Before going to a medical malpractice law firm to discuss the possibility of starting a claim, you may be wondering whether you have the basis for a case. It's helpful to understand what malpractice is and isn't prior to seeking compensation, and it's wise to understand how settlements are typically arrived at. This article will take a look at some of the basic issues every medical malpractice lawyer has to cover with a new client.
The Reasonableness Standard
One of the first questions that comes up in most cases is whether a reasonable professional would consider the conduct to be unreasonably outside the norms of the trade. For example, a dentist who favored performing a root canal over using a medicated filling to address deep caries in a tooth likely hasn't committed malpractice. The root canal might be seen as a more aggressive procedure, but most practitioners can understand why another doctor would go that direction. Conversely, a dentist who gave a patient a heavy sedative for a filling might be accused of malpractice because most doctors would consider that extreme.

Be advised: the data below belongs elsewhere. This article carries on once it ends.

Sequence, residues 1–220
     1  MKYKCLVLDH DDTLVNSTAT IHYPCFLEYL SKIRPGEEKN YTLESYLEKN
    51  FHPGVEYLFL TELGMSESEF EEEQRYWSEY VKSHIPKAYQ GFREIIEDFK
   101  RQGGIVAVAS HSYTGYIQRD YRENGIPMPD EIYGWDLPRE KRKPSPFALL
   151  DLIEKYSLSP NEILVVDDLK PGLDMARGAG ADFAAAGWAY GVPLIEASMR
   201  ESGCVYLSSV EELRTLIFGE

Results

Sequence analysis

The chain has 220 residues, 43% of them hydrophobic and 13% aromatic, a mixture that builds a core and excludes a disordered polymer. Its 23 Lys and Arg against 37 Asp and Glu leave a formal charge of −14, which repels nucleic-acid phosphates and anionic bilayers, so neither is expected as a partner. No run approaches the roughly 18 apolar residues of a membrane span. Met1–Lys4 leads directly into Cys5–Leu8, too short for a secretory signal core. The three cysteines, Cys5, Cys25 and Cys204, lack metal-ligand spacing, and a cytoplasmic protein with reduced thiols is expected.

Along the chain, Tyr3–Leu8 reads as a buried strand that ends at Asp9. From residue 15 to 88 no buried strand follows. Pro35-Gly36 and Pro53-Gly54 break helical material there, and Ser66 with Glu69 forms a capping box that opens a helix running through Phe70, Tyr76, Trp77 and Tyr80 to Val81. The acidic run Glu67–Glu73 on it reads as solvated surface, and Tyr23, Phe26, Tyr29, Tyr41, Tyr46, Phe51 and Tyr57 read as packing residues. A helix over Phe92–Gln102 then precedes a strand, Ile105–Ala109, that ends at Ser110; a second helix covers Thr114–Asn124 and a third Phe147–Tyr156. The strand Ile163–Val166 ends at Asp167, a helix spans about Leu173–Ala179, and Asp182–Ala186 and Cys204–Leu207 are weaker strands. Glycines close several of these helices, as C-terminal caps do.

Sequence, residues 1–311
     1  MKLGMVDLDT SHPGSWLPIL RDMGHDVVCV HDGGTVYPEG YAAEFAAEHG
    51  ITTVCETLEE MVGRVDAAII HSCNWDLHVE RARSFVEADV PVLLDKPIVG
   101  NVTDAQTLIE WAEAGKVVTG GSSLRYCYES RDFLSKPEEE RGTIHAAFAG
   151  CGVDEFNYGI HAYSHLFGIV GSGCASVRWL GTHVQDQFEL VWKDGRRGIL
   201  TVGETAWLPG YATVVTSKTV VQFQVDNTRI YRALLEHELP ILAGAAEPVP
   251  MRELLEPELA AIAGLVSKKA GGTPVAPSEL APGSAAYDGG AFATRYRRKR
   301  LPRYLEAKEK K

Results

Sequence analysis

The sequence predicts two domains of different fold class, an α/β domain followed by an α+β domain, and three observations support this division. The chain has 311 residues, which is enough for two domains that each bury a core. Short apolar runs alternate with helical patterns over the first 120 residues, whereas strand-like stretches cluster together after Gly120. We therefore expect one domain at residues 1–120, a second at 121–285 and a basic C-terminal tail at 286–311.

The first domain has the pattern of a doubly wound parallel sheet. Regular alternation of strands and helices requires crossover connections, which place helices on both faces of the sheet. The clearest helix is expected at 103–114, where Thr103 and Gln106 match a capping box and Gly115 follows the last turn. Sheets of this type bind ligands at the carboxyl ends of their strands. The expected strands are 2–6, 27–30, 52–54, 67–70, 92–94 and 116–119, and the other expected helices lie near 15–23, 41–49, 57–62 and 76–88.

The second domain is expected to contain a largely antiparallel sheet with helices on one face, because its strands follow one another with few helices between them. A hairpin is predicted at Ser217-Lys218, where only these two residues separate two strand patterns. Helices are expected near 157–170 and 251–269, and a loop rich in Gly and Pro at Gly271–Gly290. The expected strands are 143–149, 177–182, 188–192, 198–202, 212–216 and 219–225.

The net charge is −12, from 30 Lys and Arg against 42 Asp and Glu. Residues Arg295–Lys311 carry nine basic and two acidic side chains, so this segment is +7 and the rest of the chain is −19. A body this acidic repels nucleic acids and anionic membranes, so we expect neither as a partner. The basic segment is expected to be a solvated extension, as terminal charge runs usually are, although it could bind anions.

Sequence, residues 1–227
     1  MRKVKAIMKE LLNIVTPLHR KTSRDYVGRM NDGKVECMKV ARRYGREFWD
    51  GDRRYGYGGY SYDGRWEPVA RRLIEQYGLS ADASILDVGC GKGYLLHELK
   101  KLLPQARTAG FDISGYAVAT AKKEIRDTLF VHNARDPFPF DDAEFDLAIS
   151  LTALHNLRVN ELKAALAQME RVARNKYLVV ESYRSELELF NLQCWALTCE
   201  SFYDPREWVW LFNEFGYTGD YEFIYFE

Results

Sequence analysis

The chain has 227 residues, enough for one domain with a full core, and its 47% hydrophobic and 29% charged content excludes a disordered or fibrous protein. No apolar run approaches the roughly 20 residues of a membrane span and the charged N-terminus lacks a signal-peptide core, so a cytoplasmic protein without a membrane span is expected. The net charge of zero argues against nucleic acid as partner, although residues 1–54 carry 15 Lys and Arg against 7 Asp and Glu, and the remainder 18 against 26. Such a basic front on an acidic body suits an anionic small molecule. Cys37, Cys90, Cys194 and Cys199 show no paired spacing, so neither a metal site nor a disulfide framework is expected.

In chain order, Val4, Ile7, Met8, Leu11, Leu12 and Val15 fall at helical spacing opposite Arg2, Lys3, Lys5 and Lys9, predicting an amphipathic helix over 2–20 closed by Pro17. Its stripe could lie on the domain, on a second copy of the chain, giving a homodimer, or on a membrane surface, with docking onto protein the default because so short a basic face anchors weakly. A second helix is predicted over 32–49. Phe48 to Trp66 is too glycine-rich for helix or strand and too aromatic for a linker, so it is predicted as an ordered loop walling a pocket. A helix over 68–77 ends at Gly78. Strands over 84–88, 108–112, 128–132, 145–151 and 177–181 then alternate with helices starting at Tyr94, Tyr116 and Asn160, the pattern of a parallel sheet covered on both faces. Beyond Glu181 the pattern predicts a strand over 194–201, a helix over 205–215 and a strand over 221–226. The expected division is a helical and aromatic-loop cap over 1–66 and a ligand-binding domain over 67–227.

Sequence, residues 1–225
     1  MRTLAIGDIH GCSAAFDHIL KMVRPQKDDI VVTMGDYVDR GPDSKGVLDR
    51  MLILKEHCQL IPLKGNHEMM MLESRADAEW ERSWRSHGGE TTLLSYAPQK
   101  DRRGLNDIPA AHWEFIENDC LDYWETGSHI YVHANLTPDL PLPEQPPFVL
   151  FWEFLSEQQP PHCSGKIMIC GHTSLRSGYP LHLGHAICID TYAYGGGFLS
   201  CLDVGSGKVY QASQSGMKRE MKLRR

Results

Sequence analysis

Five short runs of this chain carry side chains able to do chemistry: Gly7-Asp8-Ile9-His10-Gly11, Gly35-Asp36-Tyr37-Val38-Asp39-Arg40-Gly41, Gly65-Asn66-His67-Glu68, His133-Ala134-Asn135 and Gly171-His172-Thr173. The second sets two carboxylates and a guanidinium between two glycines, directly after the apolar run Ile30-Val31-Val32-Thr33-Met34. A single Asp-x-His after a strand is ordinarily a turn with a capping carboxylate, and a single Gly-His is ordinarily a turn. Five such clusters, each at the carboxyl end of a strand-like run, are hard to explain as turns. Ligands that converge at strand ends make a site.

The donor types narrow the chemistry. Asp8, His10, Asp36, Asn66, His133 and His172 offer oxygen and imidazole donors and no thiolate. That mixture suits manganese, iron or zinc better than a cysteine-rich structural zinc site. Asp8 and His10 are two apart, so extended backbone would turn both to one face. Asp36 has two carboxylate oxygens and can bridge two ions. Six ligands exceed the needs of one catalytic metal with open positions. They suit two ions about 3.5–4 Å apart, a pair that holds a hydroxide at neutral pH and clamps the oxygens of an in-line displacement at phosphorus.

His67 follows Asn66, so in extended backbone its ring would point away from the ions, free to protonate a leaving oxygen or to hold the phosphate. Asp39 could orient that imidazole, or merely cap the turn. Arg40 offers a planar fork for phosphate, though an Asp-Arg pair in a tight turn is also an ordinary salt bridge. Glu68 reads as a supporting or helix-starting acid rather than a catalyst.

Level of Harm
In the previous example of a root canal, the level of harm would have to be determined. If a person experienced serious discomfort, even for a few weeks, that's likely not to be enough harm to justify a claim. Were the doctor to have drilled into the jaw, though, that could lead to pain that lasts for years and might require oral surgery to fix.
The level of harm necessary to bring a malpractice claim is always a bit fuzzy. Some things are generally accepted as highly harmful, such as facial disfigurement, diminished physical capacity, or the loss of the ability to perform one's job. For example, a doctor who accidentally cut a key nerve in a patient's hand during a procedure might be held liable due to both the diminished use of the hand and the damage to the person's earning capacity.
Who to Seek Damages From
Modern medical organizations have rather knotted up relationships with their practitioners and staff members. Generally, a medical malpractice lawyer wants to go after the best-insured party involved in a case. That means a person who suffered due to a botched surgery might be more focused on suing the hospital as opposed to the doctor. Your attorney will submit a letter of intent, and the insurance company will appoint an adjuster to evaluate the claim to start the process.